Archaeology. The makers of the Protoaurignacian and implications for Neandertal extinction.

Bibliographic Collection: 
Publication Type: Journal Article
Authors: Benazzi, S; Slon, V; Talamo, S; Negrino, F; Peresani, M; Bailey, S E; Sawyer, S; Panetta, D; Vicino, G; Starnini, E; Mannino, M A; Salvadori, P A; Meyer, M; Pääbo, S; Hublin, J-J
Year of Publication: 2015
Journal: Science
Volume: 348
Issue: 6236
Pagination: 793-6
Date Published: 2015 May 15
Publication Language: eng
ISSN: 1095-9203
Keywords: Animals, Archaeology, Base Sequence, Dental Enamel, DNA, Mitochondrial, Extinction, Biological, Genome, Mitochondrial, Humans, Incisor, Molecular Sequence Data, Neanderthals, Phylogeny, Tooth, Deciduous

The Protoaurignacian culture is pivotal to the debate about the timing of the arrival of modern humans in western Europe and the demise of Neandertals. However, which group is responsible for this culture remains uncertain. We investigated dental remains associated with the Protoaurignacian. The lower deciduous incisor from Riparo Bombrini is modern human, based on its morphology. The upper deciduous incisor from Grotta di Fumane contains ancient mitochondrial DNA of a modern human type. These teeth are the oldest human remains in an Aurignacian-related archaeological context, confirming that by 41,000 calendar years before the present, modern humans bearing Protoaurignacian culture spread into southern Europe. Because the last Neandertals date to 41,030 to 39,260 calendar years before the present, we suggest that the Protoaurignacian triggered the demise of Neandertals in this area.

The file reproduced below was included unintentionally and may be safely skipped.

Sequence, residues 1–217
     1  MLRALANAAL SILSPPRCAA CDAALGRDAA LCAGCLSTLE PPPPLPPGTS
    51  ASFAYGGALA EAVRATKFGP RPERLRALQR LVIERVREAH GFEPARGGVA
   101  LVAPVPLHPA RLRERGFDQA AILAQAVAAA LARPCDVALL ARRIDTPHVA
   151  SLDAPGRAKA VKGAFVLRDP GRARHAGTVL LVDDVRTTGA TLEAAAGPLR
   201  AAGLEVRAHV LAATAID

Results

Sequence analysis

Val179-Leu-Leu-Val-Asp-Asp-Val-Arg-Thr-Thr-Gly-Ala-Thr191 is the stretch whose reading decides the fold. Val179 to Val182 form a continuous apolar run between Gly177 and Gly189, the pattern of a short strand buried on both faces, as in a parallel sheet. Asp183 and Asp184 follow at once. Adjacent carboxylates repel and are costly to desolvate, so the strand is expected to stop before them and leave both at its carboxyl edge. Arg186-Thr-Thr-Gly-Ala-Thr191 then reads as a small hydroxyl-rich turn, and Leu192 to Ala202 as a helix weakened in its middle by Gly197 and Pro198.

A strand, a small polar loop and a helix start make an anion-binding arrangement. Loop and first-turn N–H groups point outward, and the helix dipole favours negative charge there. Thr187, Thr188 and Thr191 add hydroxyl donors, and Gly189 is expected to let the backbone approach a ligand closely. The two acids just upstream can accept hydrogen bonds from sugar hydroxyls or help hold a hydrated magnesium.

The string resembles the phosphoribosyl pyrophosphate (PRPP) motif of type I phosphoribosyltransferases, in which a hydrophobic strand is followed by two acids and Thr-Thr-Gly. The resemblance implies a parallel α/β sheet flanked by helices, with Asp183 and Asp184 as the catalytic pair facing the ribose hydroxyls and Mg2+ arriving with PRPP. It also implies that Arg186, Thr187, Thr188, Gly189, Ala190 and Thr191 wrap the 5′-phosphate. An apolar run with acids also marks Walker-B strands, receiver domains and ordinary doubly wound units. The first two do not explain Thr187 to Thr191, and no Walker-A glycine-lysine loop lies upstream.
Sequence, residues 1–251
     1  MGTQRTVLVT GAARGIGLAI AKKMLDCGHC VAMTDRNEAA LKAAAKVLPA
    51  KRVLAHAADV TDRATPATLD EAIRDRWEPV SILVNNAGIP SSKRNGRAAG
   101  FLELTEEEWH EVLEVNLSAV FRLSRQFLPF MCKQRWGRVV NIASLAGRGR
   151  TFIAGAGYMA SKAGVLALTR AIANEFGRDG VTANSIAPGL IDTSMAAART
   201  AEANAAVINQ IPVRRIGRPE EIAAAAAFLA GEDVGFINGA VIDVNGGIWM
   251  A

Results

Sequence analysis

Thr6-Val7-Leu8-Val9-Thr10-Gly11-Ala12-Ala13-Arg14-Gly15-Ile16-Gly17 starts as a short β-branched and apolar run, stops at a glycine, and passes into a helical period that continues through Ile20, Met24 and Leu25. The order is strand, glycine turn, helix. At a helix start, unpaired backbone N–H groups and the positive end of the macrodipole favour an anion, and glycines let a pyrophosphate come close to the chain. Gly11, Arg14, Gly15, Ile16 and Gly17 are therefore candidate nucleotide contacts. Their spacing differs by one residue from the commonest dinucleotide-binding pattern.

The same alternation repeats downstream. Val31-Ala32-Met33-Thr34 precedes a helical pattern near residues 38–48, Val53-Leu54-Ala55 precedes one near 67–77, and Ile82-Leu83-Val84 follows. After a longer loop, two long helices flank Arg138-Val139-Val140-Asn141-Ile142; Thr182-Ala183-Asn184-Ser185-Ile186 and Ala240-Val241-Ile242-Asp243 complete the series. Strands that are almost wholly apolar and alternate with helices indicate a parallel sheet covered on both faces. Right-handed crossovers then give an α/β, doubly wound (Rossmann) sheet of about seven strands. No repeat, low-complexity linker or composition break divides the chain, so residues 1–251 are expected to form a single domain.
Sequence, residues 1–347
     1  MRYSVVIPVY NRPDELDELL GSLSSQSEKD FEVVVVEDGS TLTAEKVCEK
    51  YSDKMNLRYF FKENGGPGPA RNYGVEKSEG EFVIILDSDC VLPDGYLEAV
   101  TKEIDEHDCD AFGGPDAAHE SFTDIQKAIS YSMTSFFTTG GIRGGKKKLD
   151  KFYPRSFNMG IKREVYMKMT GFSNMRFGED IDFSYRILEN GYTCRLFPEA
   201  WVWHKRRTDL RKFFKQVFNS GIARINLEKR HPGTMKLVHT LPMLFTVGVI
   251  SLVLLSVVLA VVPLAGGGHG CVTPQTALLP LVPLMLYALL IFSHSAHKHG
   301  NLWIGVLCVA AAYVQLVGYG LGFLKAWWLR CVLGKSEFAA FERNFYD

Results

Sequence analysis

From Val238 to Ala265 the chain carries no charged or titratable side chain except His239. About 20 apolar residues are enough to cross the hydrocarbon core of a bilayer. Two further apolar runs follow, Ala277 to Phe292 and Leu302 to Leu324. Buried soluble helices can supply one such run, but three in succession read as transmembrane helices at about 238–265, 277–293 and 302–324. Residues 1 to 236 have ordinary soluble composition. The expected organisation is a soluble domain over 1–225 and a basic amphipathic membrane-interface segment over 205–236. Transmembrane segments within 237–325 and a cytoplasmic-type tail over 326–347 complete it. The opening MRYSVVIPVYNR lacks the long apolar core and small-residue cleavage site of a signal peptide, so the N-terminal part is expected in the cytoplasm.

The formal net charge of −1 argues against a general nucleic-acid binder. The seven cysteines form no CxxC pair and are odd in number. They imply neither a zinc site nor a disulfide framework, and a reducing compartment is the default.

DOI: 10.1126/science.aaa2773
Alternate Journal: Science